Workplace Fairness

Menu

Skip to main content

  • print
  • decrease text sizeincrease text size
    text

Six Years After the Lilly Ledbetter Fair Pay Act and Still More Work to Do

Share this post

Sharon_vinick[1]Six years ago in January, President Obama signed his first piece of legislation — the Lilly Ledbetter Fair Pay Act – to extend the time period in which an employee could file a claim for pay discrimination.  The Act overruled the United States Supreme Court’s decision in Ledbetter v. Goodyear Tire & Rubber, which Ledbetter said allowed her employer to pay her unfairly “long enough to make it legal.”

At the time of its passage, President Obama said that the passage of the Act would “send a clear message that making our economy work means making sure it works for everyone.”

Sadly, in the six years since the passage of the Act, the gender pay gap has – at best – barely budged.  Indeed, by some estimates, the wage gap has actually widened in the last few years.

If the new Congress is truly committed to the goal of pay equity, concrete steps must be taken.  First, Congress should pass the Paycheck Fairness Act, which will strengthen the Equal Pay Act and help secure equal pay for equal work.  Second, Congress must act to increase the minimum wage, as women make up two-thirds of the country’s minimum wage earners.   Third, Congress should enact a universal, government-paid preschool program, as 10% of the wage gap is attributable to time that women spend outside of the workforce.

While the Lilly Ledbetter Fair Pay Act was a step in the right direction, Congress still has a lot of work to do to close the persisting wage gap.  Let’s hope by the Seventh Anniversary of the Act, we are closer to pay equity and an economy that truly works for everyone.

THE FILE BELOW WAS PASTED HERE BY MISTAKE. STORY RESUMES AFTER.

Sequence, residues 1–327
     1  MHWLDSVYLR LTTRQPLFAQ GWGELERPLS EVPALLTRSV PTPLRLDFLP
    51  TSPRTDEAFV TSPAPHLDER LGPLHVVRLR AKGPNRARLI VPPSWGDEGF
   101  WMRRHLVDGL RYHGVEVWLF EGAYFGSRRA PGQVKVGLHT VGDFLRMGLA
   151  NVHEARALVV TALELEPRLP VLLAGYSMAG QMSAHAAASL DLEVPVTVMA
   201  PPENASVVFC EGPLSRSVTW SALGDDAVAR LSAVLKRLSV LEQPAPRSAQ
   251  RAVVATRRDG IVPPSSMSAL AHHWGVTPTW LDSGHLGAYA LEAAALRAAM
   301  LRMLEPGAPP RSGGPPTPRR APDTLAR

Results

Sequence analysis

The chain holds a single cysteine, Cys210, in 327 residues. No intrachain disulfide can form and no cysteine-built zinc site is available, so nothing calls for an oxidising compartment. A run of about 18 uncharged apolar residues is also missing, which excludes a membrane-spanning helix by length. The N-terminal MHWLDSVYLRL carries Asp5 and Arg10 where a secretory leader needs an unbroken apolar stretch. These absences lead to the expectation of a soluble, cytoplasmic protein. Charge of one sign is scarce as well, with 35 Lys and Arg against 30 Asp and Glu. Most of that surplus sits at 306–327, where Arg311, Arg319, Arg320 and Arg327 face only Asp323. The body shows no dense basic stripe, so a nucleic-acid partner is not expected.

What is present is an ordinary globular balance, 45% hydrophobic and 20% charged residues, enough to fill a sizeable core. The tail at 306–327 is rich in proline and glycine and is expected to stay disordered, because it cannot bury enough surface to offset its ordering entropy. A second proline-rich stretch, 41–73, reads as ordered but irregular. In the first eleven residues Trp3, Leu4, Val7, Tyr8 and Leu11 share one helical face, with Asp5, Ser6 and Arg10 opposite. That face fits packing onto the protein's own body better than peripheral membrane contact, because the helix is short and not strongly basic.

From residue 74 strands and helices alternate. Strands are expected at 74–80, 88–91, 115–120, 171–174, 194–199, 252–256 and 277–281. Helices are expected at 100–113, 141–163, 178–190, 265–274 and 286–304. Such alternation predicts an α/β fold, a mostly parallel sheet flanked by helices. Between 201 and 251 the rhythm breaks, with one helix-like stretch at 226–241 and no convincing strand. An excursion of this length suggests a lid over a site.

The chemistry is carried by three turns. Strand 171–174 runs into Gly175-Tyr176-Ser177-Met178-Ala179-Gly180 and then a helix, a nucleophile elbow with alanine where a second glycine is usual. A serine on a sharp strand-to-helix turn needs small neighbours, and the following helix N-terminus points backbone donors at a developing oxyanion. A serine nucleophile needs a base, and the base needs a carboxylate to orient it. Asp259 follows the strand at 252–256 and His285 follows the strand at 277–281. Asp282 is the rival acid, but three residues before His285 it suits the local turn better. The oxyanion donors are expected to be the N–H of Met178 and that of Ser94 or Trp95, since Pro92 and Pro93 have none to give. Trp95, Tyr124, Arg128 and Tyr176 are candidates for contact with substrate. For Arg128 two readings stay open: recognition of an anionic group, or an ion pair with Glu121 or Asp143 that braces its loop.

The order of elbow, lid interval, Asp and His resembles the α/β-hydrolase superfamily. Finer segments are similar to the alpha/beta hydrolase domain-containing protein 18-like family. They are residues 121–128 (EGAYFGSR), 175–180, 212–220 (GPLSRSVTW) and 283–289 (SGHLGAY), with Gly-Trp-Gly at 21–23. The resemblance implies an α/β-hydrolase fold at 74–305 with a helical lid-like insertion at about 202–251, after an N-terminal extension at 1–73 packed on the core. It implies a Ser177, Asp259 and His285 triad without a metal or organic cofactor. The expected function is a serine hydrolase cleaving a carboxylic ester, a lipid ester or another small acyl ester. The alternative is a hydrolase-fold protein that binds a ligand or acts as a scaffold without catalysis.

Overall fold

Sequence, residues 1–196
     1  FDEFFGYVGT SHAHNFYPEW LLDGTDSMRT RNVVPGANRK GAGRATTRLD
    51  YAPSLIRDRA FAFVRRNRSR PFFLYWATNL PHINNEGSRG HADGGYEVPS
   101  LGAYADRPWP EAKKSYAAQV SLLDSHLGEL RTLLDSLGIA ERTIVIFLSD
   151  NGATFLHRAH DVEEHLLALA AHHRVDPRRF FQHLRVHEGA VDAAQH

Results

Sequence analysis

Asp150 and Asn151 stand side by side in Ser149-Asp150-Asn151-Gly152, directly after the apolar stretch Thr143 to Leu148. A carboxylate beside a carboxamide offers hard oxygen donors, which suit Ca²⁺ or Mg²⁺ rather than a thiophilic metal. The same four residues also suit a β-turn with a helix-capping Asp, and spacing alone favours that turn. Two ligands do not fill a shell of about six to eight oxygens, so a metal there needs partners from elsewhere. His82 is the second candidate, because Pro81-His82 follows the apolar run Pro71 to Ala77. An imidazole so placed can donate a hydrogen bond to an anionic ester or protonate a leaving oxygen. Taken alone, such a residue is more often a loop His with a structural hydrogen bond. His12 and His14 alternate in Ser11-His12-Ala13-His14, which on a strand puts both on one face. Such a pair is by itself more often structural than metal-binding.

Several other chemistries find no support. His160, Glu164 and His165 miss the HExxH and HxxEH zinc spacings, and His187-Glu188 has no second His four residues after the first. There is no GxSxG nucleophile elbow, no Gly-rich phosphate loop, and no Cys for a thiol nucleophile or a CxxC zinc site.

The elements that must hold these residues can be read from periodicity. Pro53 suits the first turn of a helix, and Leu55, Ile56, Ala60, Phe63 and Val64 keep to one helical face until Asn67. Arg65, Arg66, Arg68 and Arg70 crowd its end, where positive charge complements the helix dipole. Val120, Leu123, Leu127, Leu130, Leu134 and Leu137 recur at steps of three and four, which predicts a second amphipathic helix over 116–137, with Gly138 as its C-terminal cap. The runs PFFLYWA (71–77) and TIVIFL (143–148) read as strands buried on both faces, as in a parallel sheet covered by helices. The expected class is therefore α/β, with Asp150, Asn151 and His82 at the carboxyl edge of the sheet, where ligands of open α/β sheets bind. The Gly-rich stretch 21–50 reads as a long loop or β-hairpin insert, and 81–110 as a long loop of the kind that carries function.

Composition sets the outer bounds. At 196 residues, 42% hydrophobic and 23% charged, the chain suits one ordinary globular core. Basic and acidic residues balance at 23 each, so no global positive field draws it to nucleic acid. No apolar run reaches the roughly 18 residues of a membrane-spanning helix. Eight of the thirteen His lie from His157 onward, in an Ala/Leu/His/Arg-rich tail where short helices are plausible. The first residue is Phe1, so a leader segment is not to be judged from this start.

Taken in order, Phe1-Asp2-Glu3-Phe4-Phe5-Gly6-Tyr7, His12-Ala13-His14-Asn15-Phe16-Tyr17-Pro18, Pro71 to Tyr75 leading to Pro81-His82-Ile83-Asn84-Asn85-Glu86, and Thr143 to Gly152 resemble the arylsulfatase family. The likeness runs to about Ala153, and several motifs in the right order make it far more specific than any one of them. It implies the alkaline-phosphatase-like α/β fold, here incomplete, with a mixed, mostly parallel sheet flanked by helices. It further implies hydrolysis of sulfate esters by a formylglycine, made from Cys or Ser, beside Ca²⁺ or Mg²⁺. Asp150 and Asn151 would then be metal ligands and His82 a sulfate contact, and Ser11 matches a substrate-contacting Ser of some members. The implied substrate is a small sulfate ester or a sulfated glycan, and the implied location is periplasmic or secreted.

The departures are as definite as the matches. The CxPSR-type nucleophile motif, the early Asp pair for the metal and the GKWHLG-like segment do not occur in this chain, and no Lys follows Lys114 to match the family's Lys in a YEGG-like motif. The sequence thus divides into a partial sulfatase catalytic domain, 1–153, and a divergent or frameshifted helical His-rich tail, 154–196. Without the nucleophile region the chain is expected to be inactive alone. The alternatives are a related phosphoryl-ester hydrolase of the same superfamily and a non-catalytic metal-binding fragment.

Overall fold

This article originally appeared on celavoice.org on January 29, 2015. Reprinted with Permission.

About the Author: Sharon Vinick is the Managing Partner of Levy Vinick Burrell Hyam LLP, the largest women-owned law firm in the state that specializes in representing plaintiffs in employment cases. In more than two decades of representing employees, Sharon has enjoyed great success, securing numerous six and seven figure settlements and judgments for her clients. Sharon has been named by Northern California Super Lawyers for the past five years. Sharon is a graduate of Harvard Law School and UC Berkeley. In addition to being a talented attorney, Sharon is an darn good cook.


Share this post

One thought on “Six Years After the Lilly Ledbetter Fair Pay Act and Still More Work to Do

Leave a Reply

Your email address will not be published. Required fields are marked *

Follow this Blog

Subscribe via RSS Subscribe via RSS

Or, enter your address to follow via email:

Recent Posts

Forbes Best of the Web, Summer 2004
A Forbes "Best of the Web" Blog

Archives

  • Tracking image for JustAnswer widget
  • Find an Employment Lawyer

  • Support Workplace Fairness

 
 

Find an Employment Attorney

The Workplace Fairness Attorney Directory features lawyers from across the United States who primarily represent workers in employment cases. Please note that Workplace Fairness does not operate a lawyer referral service and does not provide legal advice, and that Workplace Fairness is not responsible for any advice that you receive from anyone, attorney or non-attorney, you may contact from this site.